Norway, airport, security, knife, credit card, illegal, weapon, drug, police
Tromsø Airport Langnes

Two security incidents test Tromsø airport

A man with a knife is held trying to get through security, and in a separate incident police let go a drug suspect.

A man was detained by security at Tromsø’s Langnes Airport yesterday after attempting to board a flight carrying a concealed weapon, commonly known as a ‘credit-card knife’, Norway Today reports.

In a report, police in the northerly Norwegian city said that on entering the security zone, the passenger was discovered with the illegal weapon. The man was issued a citation for a criminal charge, for illegally carrying a weapon in a public space.

“A credit-card knife is a knife that appears to be a credit-card; it’s illegal to attempt to introduce them into Norway,” airport representative Eirik Kileng told the Norwegian news agency NTB.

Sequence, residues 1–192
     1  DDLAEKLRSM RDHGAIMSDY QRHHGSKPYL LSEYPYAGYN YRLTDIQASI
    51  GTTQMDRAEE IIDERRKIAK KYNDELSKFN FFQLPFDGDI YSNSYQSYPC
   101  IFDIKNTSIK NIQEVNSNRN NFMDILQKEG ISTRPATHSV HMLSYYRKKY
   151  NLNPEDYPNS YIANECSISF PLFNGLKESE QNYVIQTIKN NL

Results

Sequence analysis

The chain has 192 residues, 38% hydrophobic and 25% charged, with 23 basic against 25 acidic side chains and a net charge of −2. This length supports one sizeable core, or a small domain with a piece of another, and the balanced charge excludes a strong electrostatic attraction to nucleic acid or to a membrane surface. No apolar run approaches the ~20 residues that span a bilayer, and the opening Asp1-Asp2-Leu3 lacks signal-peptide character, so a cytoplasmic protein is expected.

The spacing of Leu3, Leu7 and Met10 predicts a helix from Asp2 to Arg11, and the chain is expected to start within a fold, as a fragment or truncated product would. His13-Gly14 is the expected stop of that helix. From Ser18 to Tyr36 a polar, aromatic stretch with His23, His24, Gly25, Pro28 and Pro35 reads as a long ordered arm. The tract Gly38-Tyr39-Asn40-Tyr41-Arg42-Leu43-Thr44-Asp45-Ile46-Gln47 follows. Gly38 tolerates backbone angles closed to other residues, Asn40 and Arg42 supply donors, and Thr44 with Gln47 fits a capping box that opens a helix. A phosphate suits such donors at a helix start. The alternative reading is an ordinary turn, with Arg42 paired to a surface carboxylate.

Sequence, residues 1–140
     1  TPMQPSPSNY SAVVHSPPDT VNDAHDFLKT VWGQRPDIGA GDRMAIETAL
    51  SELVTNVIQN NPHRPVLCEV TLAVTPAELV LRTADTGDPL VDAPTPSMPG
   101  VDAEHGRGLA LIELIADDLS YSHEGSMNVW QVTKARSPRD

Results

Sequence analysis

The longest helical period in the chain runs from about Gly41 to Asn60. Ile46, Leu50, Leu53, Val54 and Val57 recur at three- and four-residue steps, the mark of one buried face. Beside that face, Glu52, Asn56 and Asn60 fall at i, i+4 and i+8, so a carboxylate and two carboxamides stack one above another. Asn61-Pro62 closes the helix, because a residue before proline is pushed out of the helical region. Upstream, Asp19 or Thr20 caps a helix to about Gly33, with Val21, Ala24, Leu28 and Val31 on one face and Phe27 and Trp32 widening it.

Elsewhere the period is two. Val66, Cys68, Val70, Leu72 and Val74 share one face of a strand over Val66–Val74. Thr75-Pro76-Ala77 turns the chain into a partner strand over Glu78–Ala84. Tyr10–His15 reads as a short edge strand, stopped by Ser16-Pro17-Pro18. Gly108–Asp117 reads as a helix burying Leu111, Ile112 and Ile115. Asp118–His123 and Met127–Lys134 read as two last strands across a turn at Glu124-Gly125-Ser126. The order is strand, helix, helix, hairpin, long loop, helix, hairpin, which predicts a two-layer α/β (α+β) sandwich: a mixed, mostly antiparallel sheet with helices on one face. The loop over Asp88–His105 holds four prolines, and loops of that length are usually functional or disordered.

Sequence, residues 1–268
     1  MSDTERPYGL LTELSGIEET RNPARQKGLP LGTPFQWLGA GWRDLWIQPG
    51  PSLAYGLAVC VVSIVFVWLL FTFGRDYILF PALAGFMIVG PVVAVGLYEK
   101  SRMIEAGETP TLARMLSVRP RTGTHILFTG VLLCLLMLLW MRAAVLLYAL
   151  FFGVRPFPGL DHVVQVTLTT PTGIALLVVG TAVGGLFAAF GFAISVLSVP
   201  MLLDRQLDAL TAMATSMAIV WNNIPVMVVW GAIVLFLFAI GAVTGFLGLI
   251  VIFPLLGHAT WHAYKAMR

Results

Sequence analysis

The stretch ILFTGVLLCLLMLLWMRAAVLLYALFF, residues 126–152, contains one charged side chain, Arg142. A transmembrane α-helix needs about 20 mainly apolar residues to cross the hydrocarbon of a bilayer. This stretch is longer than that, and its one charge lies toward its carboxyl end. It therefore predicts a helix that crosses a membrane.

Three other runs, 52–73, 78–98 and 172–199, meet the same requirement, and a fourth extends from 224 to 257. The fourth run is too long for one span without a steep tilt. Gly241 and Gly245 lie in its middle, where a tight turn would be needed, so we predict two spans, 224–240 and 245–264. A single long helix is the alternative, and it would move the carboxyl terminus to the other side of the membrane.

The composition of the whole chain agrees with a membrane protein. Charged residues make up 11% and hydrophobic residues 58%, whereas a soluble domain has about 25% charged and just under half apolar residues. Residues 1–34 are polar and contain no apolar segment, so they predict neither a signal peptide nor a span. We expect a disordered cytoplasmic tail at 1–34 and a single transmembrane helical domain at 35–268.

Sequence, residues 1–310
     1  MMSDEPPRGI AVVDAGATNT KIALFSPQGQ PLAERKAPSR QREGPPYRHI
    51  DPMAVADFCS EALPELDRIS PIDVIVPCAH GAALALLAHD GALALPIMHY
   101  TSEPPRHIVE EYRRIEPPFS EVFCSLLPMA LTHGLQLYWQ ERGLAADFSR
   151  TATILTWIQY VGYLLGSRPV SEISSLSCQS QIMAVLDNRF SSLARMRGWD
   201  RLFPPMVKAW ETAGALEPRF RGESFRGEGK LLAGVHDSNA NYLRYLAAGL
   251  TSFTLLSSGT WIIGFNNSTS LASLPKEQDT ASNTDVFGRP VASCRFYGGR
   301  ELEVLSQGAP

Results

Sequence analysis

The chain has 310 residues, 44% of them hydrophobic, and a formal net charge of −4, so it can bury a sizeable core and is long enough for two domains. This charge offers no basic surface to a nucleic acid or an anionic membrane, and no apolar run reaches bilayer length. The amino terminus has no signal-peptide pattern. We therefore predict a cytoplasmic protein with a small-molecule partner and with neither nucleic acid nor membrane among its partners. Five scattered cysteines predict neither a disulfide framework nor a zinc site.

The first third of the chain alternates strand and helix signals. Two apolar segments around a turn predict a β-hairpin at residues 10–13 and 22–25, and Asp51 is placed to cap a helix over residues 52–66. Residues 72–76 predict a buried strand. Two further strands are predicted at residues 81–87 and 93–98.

“This type of knife is regulated by the weapons act, and as a weapon it’s considered to be equal to a standard knife in terms of the penalty.”

He continued: “We don’t know what intent the man had for carrying the weapon. The knife was confiscated, the man was cited by police and then allowed to continue boarding the aircraft.”

Police error
One of the top five busiest airports in Norway, Langnes has been in the headlines this week on another occasion, and also for security reasons.

It was revealed that a man who had been stopped at the airport’s customs with 1.2 grams of marijuana and three bags with a total 50 grams of an ”unknown substance” on November 11 last year was handed over to police, according to procedure.

The police also took possession of two mobile phones and two knives. But after the man was put in a police car, the patrol received an important new mission with the message, “Let go of what you have and drive to an argument in Eidkjosen”, the local newspaper Nordlys reports.

As ordered, they released the man, and in a panic the police officers also gave the unknown substance back to the suspect.

“This was a special situation that was clearly not properly handled,” admits police chief Ole Bredrup.

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